I wish I’d written this when my fingers were warm and functioning in a warm, balmy Chennai. In the very temperate air, linen-suited writers, wearing expressions of great gravitas ambled past the cordoned zone of the Lady Andal school auditorium during the Pongal weekend of 15-17th January. That was Alexander McCall Smith chatting to an adoring fan in a sari with her curly tresses a dark waterfall down her back. Lionel Shriver looked as if she’d just locked her bike and dropped by for a panel discussion in a white t-shirt, natty black jeans and matching ankle boots.
Colm Toibin, Ferdinand Mount and Rudrangshu Mukherjee were on stage in the pavilion talking about writing biographies of famous people. Ferdinand Mount is the great grandson of Lord Dalhousie (Governor General of India and author of the notorious Doctrine of Lapse), which essentially annexed princely territories if a Maharaja died without a male heir. The uprising of the Sepoys of 1857 was a direct result of this. His book Tears of the Rajah is his family’s history of a very turbulent time in India. Colm Toibin spoke about writing The Master, a biography of Henry James and Rudrangshu Mukherjee spoke about exploring the surprisingly close relationship between Jawaharlal Nehru and Subash Chandra Bose in Nehru and Bose – one an enlightened world leader and the other a radical revolutionary with fascist leanings.
Many gears slipped into place in my head as I willingly immersed myself in the world of writing, writers and books. Unlike literary festivals in the UK where every minor session is charged at £8 and above depending on the cachet of the writer, this festival was entirely free and like the overflowing goodness of the Pongal pot, quite bountiful in its offerings.
The session about writing erotica felt bold and radical except that the quality tended to fluctuate from the oblique and profound to the downright profane. And it couldn’t have been more of a shock to find that the author of one such embarrassingly explicit prose was the head of a reputed publishing house in India.
So much so that Amitava Kumar said he wished for a post-coital cigarette to recover before talking about far more grisly topics – A Matter of Rats, a collection of essays on Patna, the capital of the state of Bihar. The rat-catchers/Musahars of Bihar are the bottom most caste and are employed to hunt these proliferating rodents and are also known to also eat them for their sustenance. An official in the Municipal Authority proposed that rats be introduced into the food-chain for the nutrition of the general population. It can be safely said that it was not just the animals that scuttled away at this plan.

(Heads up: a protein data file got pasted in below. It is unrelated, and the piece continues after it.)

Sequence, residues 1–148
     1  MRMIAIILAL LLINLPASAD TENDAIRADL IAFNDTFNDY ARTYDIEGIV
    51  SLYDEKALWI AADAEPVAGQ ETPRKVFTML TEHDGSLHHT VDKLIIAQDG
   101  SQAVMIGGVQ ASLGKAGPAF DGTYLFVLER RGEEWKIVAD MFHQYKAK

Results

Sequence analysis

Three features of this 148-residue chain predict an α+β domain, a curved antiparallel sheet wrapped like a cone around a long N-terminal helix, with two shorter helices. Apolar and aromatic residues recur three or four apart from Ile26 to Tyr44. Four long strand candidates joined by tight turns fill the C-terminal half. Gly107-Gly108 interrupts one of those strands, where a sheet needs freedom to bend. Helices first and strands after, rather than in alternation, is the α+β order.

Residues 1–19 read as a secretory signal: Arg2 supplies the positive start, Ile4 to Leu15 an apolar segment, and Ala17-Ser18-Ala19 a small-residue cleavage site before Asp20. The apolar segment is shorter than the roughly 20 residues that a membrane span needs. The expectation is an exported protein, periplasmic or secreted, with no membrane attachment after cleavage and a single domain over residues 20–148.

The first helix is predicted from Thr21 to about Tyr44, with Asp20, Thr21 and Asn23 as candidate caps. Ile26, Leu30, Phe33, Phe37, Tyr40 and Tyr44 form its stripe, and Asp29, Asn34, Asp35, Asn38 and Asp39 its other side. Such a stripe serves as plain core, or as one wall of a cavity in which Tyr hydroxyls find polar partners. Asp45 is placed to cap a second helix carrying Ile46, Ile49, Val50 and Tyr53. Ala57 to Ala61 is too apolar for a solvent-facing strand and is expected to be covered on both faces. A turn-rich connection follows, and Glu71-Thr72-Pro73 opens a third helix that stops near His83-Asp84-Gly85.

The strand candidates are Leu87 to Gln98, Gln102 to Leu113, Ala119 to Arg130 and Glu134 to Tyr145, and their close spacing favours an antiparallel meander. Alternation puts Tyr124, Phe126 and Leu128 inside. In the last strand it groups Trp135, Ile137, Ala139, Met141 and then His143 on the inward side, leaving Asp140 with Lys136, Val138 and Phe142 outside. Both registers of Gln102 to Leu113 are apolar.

The highlight of the session for me was Colm Toibin describing his writing process – of listening to the silence, paying attention to that feeling of boredom, to create an atmosphere of vivid description and then to slow the pace right down to go deep into the character’s thoughts. His generous words of advice felt like a real gift.
And to top all this, I received news of my short story achieving publication. Toasted Cheese is the rather delicious name for a literary journal and it’s selection of fiction, poetry and essays are most thought-provoking. Have a look at this recent edition and scroll down to Rogue Mint by Maithreyi Nandakumar .
I was also invited to speak to the MA students of English literature at IIT Madras who are doing a course on Indian Writing. The Indian Institute of Technology campus is within the city but set inside the most beautiful natural surroundings – banyan trees, wandering deer and monkeys sunning themselves. It was a wonderful opportunity to meet aspiring young boys and girls and share my writing. It was fascinating to hear their reaction to descriptions of the city they live in – some thought I was indulging in nostalgia. Hmm, perhaps my worries about offending the sensibilities of my former hometown are unfounded after all…